Poji’s music is smooth and peppy, the influences of its genre apparent. “Octopus Daughter” is perhaps one of the calmest, yet most energetic songs I’ve ever heard. The bassline leads the rest of the instrumentation into a cool, collected sound that wouldn’t be out of place in a video game’s shop or main menu, influenced by Sasaki’s work and the song’s origin in Roommania.
Perhaps “influence” is just the right word for a game as odd as Roommania, isn’t it?
Serani Poji is also affiliated with SEGA, thanks to the production of its music being handled by Wave Master, who also developed Roommania #203. Wave Master was once SEGA’s own in-house music studio, creating the soundtracks and the technology behind their game’s audio. Since 2004, they have become a record label, releasing the latest Poji albums.
They also managed Radio DC, an internet radio station headed by miss Sasaki. Radio DC also had its own album, and a compilation of music from various SEGA titles including NiGHTS. It all loops back, doesn’t it?
Following Roommania, Sasaki’s work slowed. She wrote the words to “This Is My Happiness,” from Space Channel 5: Part 2, wrote the lyrics to “Vamos a Carnaval” in Samba de Amigo Ver. 2000, and contributed a couple jingles to Feel the Magic XY/XX, and The Rub Rabbits!. Clearly, all her time and energy was being put into the Radio DC and Serani Poji projects, with two albums releasing from the latter in 2002 and 2004, an EP releasing between them in 2003. It wasn’t until 2007 that Sasaki would return to video games, and for her seemingly final SEGA contribution.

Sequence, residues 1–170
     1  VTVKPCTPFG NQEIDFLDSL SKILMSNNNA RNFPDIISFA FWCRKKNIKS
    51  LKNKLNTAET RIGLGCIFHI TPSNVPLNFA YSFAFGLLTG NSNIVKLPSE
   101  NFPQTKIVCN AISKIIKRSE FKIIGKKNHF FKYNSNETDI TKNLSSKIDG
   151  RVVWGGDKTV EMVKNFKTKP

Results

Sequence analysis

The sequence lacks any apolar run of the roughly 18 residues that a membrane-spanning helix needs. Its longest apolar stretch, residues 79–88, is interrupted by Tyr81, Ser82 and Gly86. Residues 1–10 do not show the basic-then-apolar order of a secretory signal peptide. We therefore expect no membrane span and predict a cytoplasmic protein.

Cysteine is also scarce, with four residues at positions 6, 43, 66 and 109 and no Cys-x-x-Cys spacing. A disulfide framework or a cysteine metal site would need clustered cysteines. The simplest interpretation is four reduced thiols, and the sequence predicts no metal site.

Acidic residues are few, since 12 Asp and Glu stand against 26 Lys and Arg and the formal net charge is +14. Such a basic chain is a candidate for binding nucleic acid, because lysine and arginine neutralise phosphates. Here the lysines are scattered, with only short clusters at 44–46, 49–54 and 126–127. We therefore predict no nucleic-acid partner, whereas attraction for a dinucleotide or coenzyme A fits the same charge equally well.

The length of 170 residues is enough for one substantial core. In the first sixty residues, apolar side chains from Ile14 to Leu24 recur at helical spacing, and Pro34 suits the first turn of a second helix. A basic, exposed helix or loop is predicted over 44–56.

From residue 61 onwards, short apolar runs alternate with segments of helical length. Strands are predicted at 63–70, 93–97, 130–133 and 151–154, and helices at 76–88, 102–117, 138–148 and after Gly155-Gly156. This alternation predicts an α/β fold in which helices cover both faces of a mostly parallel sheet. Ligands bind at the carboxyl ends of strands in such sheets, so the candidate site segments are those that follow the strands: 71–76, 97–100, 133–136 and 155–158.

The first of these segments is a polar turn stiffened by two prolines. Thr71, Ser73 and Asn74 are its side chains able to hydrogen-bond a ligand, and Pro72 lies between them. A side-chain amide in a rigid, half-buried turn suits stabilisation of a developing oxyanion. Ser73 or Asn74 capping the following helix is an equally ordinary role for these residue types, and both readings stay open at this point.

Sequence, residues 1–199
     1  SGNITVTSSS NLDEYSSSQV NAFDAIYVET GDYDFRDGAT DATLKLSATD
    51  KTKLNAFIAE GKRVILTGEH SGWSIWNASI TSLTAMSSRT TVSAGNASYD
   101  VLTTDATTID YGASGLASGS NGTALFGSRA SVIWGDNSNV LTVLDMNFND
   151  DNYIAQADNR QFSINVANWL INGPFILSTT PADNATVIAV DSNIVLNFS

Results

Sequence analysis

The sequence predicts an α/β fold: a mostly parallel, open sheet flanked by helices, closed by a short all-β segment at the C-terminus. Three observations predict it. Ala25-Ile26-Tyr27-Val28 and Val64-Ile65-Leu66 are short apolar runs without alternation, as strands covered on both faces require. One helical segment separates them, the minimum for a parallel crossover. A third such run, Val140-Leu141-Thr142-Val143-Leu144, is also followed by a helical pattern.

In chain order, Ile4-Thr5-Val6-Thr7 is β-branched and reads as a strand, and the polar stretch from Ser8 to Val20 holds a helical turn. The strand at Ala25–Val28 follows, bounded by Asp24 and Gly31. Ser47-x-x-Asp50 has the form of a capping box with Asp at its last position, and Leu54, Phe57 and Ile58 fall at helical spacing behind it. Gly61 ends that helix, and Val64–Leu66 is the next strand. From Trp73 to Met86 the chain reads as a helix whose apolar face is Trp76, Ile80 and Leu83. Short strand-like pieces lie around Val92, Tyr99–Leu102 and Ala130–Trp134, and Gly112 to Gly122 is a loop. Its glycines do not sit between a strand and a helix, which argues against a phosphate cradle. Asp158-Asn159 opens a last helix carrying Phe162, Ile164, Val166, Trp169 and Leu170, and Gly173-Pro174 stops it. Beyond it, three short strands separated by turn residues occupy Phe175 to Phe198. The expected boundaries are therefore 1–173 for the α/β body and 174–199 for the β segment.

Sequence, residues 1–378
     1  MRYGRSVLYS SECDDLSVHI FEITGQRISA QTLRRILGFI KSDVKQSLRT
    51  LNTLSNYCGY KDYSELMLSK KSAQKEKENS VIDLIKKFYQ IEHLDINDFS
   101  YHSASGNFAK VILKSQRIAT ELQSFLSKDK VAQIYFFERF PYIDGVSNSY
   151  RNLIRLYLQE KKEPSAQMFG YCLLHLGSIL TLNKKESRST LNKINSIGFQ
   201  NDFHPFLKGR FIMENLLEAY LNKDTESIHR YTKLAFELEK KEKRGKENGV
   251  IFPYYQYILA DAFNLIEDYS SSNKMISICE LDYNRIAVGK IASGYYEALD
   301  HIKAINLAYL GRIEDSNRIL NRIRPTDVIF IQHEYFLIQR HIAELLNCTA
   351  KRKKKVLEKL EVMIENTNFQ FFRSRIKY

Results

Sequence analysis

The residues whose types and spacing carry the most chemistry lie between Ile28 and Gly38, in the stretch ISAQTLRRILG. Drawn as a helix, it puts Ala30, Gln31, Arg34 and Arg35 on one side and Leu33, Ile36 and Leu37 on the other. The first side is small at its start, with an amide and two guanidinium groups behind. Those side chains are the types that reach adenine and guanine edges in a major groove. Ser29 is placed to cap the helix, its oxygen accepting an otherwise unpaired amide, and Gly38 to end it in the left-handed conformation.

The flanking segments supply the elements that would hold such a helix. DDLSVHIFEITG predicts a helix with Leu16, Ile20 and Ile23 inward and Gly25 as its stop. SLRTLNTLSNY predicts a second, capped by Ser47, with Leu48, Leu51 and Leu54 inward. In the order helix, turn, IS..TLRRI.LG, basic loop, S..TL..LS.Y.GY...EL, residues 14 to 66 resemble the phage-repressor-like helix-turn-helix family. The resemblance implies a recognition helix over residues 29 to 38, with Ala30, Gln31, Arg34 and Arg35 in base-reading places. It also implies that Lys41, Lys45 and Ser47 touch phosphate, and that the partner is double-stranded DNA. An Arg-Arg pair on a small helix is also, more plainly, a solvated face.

Beyond the Sound of Dreams
Sasaki returned to head-up the long-awaited sequel to into Dreams…, named NiGHTS: Journey of Dreams. With Naofumi Hataya, Fumie Kumatani, and a large team at her back, it was time for Sasaki and co. to recreate the original magic.